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verbal

Constitutes effective verbal communication

Each of these is just as important in our personal lives as in our professional lives. By improving your verbal communication skills you will quickly connect and build rapport, earn respect, gain influence, and become more likable and accepted.

1. Be friendly. People who communicate with a friendly tone and warm smile almost always have the edge. The reason is simple: we are subconsciously drawn to people who are friendly because they make us feel good and bring more enjoyment to our lives.

2. Think before you speak. One of my favorite English Proverbs is “Better to remain silent and be thought a fool, than to open your mouth and remove all doubt.” I find that many people say whatever goes through their minds without putting any thought into what they are saying. As a result they say things that end up reflecting poorly on themselves.

3. Be clear. Most of us don’t have the time nor do we want to spend our emotional energy to figure out what someone else is trying to say. People who are indirect in their verbal communication and who tend to hint at things without saying what’s really on their mind are seldom respected. When there is something you want to say, ask yourself, “What is the clearest way I can communicate this point?”

4. Don’t talk too much. Last week I met with a personal chef. At first I was impressed with him and considered hiring him for an upcoming event. However, the more he talked the less impressed I became. Very few people like to be around someone who talks too much and dominates the conversation.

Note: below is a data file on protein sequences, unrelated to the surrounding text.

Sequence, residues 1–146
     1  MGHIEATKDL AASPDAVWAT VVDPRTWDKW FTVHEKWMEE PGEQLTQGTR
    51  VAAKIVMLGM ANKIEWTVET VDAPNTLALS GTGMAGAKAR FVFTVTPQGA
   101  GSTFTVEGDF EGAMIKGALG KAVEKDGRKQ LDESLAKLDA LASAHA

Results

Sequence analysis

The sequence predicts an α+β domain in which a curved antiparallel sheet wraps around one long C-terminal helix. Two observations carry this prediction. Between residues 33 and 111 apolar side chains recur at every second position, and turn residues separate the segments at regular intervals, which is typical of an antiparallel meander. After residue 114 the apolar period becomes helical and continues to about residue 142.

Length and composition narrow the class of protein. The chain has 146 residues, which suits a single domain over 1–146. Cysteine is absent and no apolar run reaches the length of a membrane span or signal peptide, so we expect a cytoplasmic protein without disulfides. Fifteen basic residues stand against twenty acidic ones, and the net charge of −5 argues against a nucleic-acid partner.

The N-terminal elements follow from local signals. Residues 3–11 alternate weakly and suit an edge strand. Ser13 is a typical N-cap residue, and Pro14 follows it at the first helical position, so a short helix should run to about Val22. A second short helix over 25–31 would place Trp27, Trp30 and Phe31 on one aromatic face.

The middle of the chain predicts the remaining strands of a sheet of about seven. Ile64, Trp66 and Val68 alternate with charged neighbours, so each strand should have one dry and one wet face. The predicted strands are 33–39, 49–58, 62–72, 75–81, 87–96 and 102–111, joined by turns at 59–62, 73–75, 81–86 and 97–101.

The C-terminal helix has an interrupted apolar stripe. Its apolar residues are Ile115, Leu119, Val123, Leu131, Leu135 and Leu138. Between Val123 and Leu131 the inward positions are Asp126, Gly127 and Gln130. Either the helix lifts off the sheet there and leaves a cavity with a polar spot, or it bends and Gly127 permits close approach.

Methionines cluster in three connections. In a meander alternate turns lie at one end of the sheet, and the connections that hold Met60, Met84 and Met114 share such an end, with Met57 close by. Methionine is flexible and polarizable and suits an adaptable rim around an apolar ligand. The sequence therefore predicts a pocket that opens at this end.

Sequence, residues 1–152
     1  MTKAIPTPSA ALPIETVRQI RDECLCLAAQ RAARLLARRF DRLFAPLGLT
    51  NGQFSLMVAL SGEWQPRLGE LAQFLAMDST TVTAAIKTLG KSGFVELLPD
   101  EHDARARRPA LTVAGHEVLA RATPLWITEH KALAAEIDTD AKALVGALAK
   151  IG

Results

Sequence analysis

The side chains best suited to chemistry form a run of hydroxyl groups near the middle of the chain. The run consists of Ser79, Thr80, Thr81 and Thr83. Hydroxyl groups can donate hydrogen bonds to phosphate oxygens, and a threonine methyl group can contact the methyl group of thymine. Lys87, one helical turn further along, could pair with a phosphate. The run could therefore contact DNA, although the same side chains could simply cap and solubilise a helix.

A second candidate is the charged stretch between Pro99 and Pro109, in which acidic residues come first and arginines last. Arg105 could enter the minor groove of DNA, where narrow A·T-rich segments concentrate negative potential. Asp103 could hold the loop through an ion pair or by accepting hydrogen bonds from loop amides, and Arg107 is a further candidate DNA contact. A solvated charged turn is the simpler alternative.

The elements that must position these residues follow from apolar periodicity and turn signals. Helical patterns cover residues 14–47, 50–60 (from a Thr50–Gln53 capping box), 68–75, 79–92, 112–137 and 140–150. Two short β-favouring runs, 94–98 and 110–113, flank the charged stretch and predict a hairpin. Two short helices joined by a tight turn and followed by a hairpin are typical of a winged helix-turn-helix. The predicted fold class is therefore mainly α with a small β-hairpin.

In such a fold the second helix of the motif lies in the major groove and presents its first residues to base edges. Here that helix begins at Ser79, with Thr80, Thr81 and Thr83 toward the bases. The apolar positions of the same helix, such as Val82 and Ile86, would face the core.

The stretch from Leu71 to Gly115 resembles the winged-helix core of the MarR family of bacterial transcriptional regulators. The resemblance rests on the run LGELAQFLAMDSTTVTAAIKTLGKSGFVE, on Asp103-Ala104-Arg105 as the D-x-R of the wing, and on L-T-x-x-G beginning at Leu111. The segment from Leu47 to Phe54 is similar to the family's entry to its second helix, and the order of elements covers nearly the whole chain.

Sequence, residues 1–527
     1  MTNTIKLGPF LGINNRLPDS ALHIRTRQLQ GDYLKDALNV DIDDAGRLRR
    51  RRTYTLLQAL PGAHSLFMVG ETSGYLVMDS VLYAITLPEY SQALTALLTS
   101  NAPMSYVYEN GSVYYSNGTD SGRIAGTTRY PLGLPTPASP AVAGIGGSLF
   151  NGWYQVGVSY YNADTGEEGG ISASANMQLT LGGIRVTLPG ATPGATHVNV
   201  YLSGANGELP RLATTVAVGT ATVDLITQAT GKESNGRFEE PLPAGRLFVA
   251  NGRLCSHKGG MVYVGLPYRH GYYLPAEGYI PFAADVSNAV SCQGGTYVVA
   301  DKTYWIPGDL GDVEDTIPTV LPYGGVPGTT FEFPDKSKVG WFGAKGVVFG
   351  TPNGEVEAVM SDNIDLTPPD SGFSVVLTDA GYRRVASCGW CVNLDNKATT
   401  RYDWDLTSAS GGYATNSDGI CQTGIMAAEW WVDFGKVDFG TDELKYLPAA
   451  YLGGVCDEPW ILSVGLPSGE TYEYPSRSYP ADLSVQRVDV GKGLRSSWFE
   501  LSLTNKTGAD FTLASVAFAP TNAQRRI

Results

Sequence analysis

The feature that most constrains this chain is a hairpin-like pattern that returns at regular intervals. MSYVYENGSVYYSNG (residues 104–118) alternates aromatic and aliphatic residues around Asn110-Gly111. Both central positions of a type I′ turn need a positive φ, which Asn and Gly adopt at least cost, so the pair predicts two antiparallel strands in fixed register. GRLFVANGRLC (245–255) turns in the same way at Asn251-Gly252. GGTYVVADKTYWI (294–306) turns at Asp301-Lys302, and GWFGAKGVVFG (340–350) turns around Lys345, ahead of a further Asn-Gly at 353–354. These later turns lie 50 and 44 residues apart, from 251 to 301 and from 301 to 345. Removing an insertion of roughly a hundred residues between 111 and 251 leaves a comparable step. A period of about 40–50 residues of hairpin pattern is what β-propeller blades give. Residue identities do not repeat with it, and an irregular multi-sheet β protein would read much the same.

5. Be your authentic self. Today, (more than anytime during my lifetime), people are turned off by those people who feel the need to put on a show to make their point. Instead, people are attracted to someone who speaks from the heart and is genuine, transparent, and real.

6. Practice humility. Humility is having a modest view of one’s own importance. It is one of the most attractive personality traits one can possess and is one of the most significant predictors of someone who is respected. People who speak with humility and genuine respect for others are almost always held in high regard.

7. Speak with confidence. You don’t have to sacrifice self-confidence to practice humility. Confidence is a self-assurance arising from an appreciation of one’s true abilities, whereas humility is having a modest opinion of one’s own importance. Speaking with confidence includes the words you choose, the tone of your voice, your eye contact, and body language.

8. Focus on your body language. When you are engaged in face-to-face verbal communication, your body language can play as significant of a role in the message you communicate as the words you speak. Your body language communicates respect and interest. It puts real meaning behind your words.

9 Be concise. Very few things are more irritating to me than when someone can’t get to the point of what he or she is trying to say. Plan ahead. Constantly ask yourself, “How can I say what needs to be said using the fewest number of words possible while still being courteous and respectful?”

10. Learn the art of listening. Being an attentive listener is more important in verbal communication than any words that can come out of your mouth. You must show a sincere interest in what is being said, ask good questions, listen for the message within the message, and avoid interrupting.

Effective verbal communication

Effective verbal communication is almost always more about listening because there is always an audience. Why listening? Because when addressing an audience you need to meet their needs and in order to know their needs you must listen.